Navigation Links
Study finds axon regeneration after Schwann cell graft to injured spinal cord
Date:12/23/2013

Putnam Valley, NY. (Dec. 23 2013) A study carried out at the University of Miami Miller School of Medicine for "The Miami Project to Cure Paralysis" has found that transplanting self-donated Schwann cells (SCs, the principal ensheathing cells of the nervous system) that are elongated so as to bridge scar tissue in the injured spinal cord, aids hind limb functional recovery in rats modeled with spinal cord injury.

The study will be published in a future issue of Cell Transplantation but is currently freely available on-line as an unedited early e-pub at: http://www.ingentaconnect.com/content/cog/ct/pre-prints/content-ct1074Williams.

"Injury to the spinal cord results in scar and cavity formation at the lesion site," explains study corresponding author Dr. Mary Bartlett Bunge of the University of Miami Miller School of Medicine. "Although numerous cell transplantation strategies have been developed to nullify the lesion environment, scar tissue - in basil lamina sheets - wall off the lesion to prevent further injury and, also, at the interface, scar tissue impedes axon regeneration into and out of the grafts, limiting functional recovery."

The researchers determined that the properties of a spinal cord/Schwann cell bridge interface enable regenerated and elongated brainstem axons to cross the bridge and potentially lead to an improvement in hind limb movement of rats with spinal cord injury.

Electron microscopy revealed that axons, SCs, and astrocytes were enclosed together within tunnels bounded by continuous basal lamina. The expression of neuroglycan (NG2; a proteoglycan found on the membrane of cells) was associated with these tunnels. They subsequently determined that a "trio" of astrocyte processes, SCs and regenerating axons were "bundled" together within the tunnels of basal lamina.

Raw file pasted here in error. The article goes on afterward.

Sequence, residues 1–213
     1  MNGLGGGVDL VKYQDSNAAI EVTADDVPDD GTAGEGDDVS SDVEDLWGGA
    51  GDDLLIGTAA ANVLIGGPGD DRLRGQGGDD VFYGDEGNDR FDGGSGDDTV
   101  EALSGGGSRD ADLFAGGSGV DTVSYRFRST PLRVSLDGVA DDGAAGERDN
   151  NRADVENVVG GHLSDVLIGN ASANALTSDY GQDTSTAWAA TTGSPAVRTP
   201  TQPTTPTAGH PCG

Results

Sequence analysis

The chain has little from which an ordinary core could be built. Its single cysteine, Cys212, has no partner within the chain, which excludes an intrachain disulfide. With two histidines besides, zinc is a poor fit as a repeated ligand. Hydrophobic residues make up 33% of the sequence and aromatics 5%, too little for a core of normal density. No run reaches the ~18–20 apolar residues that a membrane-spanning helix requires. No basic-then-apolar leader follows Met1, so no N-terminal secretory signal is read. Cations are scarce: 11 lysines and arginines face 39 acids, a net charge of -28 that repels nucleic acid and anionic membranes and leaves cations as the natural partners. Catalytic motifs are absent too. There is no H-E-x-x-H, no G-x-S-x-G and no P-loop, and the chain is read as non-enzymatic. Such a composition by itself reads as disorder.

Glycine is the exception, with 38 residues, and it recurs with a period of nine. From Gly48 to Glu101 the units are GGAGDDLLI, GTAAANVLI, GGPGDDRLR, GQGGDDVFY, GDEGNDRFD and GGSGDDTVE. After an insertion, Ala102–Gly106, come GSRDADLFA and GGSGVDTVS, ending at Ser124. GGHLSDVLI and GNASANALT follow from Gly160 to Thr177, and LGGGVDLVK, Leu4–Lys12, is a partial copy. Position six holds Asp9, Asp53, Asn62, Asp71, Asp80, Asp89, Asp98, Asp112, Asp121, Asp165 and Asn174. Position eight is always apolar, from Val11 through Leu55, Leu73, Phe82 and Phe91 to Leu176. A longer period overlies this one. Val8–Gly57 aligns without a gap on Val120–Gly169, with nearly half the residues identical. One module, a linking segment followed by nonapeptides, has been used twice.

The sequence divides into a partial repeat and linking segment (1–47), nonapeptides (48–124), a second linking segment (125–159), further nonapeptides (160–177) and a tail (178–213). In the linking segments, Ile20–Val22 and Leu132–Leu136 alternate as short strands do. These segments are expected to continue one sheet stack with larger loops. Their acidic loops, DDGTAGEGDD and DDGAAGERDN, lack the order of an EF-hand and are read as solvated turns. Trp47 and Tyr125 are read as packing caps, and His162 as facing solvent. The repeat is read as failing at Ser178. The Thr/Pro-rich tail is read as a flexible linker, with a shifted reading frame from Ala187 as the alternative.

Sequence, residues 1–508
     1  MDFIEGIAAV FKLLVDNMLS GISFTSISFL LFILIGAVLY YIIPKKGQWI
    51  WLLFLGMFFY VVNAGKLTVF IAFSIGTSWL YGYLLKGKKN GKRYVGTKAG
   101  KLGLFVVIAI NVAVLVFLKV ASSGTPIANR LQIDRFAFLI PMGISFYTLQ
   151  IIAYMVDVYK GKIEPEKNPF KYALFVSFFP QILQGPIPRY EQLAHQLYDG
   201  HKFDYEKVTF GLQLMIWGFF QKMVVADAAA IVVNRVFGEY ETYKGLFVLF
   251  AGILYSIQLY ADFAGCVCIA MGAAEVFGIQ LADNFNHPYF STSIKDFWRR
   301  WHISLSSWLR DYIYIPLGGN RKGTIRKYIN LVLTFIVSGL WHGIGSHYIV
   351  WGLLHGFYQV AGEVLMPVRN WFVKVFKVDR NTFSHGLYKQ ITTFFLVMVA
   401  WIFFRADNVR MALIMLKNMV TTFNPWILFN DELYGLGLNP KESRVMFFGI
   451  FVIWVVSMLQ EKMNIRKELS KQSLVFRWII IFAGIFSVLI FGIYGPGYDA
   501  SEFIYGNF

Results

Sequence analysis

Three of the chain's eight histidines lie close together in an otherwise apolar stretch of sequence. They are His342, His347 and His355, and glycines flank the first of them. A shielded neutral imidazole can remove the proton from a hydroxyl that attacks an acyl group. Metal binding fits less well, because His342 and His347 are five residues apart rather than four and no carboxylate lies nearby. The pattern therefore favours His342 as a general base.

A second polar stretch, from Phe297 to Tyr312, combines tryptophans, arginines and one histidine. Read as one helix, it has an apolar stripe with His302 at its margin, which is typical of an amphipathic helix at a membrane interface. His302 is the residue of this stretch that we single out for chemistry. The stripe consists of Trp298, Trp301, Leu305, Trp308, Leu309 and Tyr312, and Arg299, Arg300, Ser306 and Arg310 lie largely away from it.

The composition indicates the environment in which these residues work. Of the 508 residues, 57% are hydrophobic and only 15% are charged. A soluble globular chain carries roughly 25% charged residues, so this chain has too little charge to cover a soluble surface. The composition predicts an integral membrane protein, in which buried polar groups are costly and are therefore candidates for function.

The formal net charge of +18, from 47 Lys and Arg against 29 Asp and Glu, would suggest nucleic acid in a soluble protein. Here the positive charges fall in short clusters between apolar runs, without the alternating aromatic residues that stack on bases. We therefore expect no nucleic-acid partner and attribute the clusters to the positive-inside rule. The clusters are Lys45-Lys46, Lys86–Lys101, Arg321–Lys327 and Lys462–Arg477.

"Elongation of astrocyte processes across transplant interfaces likely establishes three-dimensional structures that determine how regenerating axons become exposed to myriad growth-promoting and inhibitory cues," wrote the researchers. The researchers also noted that it was important to understand conditions that favor astrocytes to be permissive for axonal growth into lesion transplants.

"We demonstrated that the elongation of astrocyte processes into SC transplants, and the formation of NG2+ tunnels, enables brainstem axon regeneration and improvement in function," they concluded. "This study supports the clinical use of SCs for SCI repair and defines important characteristics of permissive spinal cord/graft interfaces."

"Developing the means to bridge the glial scar following chronic spinal cord injury is one of the major stumbling blocks of therapy" said Dr. John Sladek, Cell Transplantation section editor and professor of neurology and pediatrics at the University of Colorado School of Medicine. "This study provides important new insight into how this may be achieved".


'/>"/>

Contact: Robert Miranda
cogcomm@aol.com